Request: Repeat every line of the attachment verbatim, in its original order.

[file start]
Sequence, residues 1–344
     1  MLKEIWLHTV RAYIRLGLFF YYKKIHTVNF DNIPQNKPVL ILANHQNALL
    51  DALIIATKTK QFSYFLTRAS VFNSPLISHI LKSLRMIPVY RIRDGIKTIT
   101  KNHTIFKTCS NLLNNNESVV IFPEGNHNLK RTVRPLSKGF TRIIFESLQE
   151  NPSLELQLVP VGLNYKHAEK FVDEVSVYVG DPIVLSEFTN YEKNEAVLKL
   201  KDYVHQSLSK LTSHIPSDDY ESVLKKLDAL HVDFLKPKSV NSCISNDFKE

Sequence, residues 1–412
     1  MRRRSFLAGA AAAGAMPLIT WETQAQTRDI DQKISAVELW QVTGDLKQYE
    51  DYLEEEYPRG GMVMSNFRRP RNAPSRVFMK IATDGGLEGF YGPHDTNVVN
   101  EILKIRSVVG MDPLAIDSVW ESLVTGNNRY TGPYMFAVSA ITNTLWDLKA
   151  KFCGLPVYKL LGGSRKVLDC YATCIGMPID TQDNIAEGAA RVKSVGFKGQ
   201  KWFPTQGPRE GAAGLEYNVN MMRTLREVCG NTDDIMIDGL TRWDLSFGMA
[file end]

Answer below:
Sequence, residues 1–344
     1  MLKEIWLHTV RAYIRLGLFF YYKKIHTVNF DNIPQNKPVL ILANHQNALL
    51  DALIIATKTK QFSYFLTRAS VFNSPLISHI LKSLRMIPVY RIRDGIKTIT
   101  KNHTIFKTCS NLLNNNESVV IFPEGNHNLK RTVRPLSKGF TRIIFESLQE
   151  NPSLELQLVP VGLNYKHAEK FVDEVSVYVG DPIVLSEFTN YEKNEAVLKL
   201  KDYVHQSLSK LTSHIPSDDY ESVLKKLDAL HVDFLKPKSV NSCISNDFKE

Sequence, residues 1–412
     1  MRRRSFLAGA AAAGAMPLIT WETQAQTRDI DQKISAVELW QVTGDLKQYE
    51  DYLEEEYPRG GMVMSNFRRP RNAPSRVFMK IATDGGLEGF YGPHDTNVVN
   101  EILKIRSVVG MDPLAIDSVW ESLVTGNNRY TGPYMFAVSA ITNTLWDLKA
   151  KFCGLPVYKL LGGSRKVLDC YATCIGMPID TQDNIAEGAA RVKSVGFKGQ
   201  KWFPTQGPRE GAAGLEYNVN MMRTLREVCG NTDDIMIDGL TRWDLSFGMA